Saturday 27 June 2009

Movie Review "Transformers: Revenge of the Fallen"

Remember when you REALLY liked Star Wars? It would’ve been around the mid to late 1990s, when the trilogy got re-released at the cinema to tremendous praise. Sure, people had issues with Greedo shooting first, but otherwise the Special Editions were received rather well. That is to say, you loved Star Wars until you went to see Episode I. It was at this point that you realised that the entire point of the film was to appeal to the kids, and to shift some action figures. Remember that sensation? Well, good; if you see Transformers: Revenge of the Fallen, it’ll feel instantly familiar.

When last we left the Autobots and Sam Witwicky (Shia LaBoeuf), the robot protectors had decided to stay on Earth in order to protect humanity from further Decepticon atrocities. Megatron was at the bottom of the ocean, guarded heavily by US naval forces, all seems well. It is at this point that we join the film, after an initial prologue explaining the history of the Transformers. Autobot forces have combined their efforts with the American military, forming a super-secret organisation designed to monitor Decepticon activity on Earth. This comes to a head when a Decepticon mentions “The Fallen” in its death throes.

Meanwhile, Sam is preparing himself to head off to college. While getting his shit together, he finds a piece of the Allspark. When he looks at it, he finds himself with a large amount of confusing information and symbols in his head, which he has to comprehend and decipher in order to save mankind from a long-forgotten enemy and the danger that comes with it.

See, my above comments should not give you the impression that I entirely hated this movie. I didn’t, I really didn’t. I thought there were some definite improvements over the first movie, most noticeably the change of venues for the fight scenes. My main complaint about the first movie was how often I spent saying: “Oh, which guy’s the good guy? Because, you know, they’re both silvery mostly. And they’re fighting close-combat. Against a grey building. Oh, it’s that guy who’s an Autobot? Go, that one!”

They seem to have taken that on board when shooting this movie, as most of the major fight scenes have a decent backdrop for contrast purposes (forests, deserts, that sort of thing). They also make liberal use of camera tricks and slow motion in order to help them attain this as well, more on that later though.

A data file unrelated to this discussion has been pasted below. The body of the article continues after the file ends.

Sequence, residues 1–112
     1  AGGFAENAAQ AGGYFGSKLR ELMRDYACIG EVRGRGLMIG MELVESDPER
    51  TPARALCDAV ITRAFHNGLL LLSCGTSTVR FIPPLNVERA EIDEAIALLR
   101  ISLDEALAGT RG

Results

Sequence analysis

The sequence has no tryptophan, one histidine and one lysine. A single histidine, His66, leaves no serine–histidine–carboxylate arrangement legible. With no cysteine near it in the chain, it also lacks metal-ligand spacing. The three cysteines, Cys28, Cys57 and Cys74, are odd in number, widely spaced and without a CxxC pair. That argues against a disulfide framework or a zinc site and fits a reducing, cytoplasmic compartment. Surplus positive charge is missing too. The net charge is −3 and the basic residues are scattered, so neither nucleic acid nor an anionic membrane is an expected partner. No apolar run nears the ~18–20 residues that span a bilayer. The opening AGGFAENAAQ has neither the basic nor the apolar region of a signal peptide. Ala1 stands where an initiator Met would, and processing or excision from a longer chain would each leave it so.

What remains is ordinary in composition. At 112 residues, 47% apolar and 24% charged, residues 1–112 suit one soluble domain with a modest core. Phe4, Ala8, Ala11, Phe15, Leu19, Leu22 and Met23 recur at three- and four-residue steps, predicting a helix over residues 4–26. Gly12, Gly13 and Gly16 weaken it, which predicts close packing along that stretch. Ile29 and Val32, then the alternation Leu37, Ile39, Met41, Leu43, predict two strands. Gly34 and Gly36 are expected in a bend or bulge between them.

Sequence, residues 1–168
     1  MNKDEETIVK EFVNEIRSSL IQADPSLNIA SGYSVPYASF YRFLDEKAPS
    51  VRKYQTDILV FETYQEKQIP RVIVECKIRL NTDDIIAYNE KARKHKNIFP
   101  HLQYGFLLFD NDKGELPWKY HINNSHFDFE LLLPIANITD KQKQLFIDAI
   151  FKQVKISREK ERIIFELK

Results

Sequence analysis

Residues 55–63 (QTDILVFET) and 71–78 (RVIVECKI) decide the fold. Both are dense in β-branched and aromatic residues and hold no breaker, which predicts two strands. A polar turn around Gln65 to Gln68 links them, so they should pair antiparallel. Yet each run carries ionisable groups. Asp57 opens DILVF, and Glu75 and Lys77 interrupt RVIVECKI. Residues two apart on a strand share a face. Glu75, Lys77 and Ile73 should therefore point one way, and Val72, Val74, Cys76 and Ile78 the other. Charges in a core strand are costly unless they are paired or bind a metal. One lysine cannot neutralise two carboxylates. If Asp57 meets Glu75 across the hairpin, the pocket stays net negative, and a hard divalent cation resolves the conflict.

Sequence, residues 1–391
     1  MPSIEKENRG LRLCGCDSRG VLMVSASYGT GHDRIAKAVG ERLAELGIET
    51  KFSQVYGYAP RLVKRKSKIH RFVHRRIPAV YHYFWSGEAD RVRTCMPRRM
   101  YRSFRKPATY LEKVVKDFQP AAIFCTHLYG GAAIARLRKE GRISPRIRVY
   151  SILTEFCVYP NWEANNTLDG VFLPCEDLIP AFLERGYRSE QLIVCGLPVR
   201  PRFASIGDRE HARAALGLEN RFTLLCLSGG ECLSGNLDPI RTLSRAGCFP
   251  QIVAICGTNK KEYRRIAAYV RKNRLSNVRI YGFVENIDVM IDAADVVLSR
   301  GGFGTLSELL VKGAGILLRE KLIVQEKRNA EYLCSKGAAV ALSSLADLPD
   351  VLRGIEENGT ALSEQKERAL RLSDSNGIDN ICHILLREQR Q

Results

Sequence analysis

I also have to get it out there, I like Shia LaBoeuf, ok? Not in a man-love kind of way, in the sense that I think he’s a pretty good actor, and will only get better. The scenes where he tries to write down all the symbols are particularly well-acted, with him legitimately selling the idea of a person’s brain overloading in the most convincing way I’ve seen since Johnny Mnemonic (I enjoyed that film too ok? Judge not lest ye be judged).

However, what IS the fascination with Megan Fox that everyone seems to have? Ok, so she’s gorgeous. I get that. However, she’s not an amazing actress really, and this film is no different. Having said that, there is a scene with her running in slow motion. Awesome. Speaking of slow motion, it is fucking EVERYWHERE in this movie. In all honesty, the film was probably going to be about 90 minutes before they added the slow-motion in and bumped it up to two and a half hours.

Oh, and the number of robots in this movie for comedic effect piss me off. I can deal with a comedy robot, whose only purpose in the movie is to make people giggle a bit and shift a few toys. I’m fine with that, it’s called the Jar Jar effect and it’s not an issue if it’s not overdone. However, in this movie you have all of the following; an old British robot who swears too much and is flatulent, two gangster-stereotype robots, an RC car robot who sounds like Joe Pesci AND you still have Bumblebee, who can only speak in song lyrics. I’ve not seen a movie containing so many comedy robots since…Robots.

Onto the ratings:

The Emotionally Fourteen Rating:
Plenty of violence, but it’s mostly robot on robot. Imagine the thrill you’d get from putting a camera in a blender and you’re sort of along the right lines.
None whatsoever. The producers obviously think it’s enough to just show Megan Fox in denim shorts and revealing tops. They’re not wrong, mind.
A few words, nothing to write home about though. One robot almost says fuck.
Other points in favour:
Megan Fox is gorgeous.
There’s a funny bit involving brownies.
If Jetfire was the only comedy robot, he’d be awesome.

It would be unfair of me to say that I didn’t enjoy this movie. I liked it. I didn’t love it. And for the record, I didn’t feel like my childhood had been raped. I did feel that maybe some dodgy emails or some heavy-breathing phone calls were made from this movie to my childhood at some point though.

1 comment:

  1. 'Remember when you REALLY liked Star Wars? It would’ve been around the mid to late 1990s, when the trilogy got re-released at the cinema to tremendous praise.'

    -- Errr... actually, it would have been around 1980/1981 when one of my friends got hold of pirate videos of 'Star Wars' and 'The Empire Stikes Back' and it blew our tiny little minds. This feeling of awesomosity was only increased in 1983 when my cousin took me to the London premiere of 'Return Of The Jedi'.

    My love of Star Wars has pretty much stayed at this level in all the years since 1983. The re-release was only of any significance to me because it gave me a chance to see the first two movies on the big screen for the first time. It certainly wasn't 'when I really like Star Wars'. Christ, are there really that many people who only discovered Star Wars when the remastered versions came out? That's just... fucking disgusting... Young people make me sick...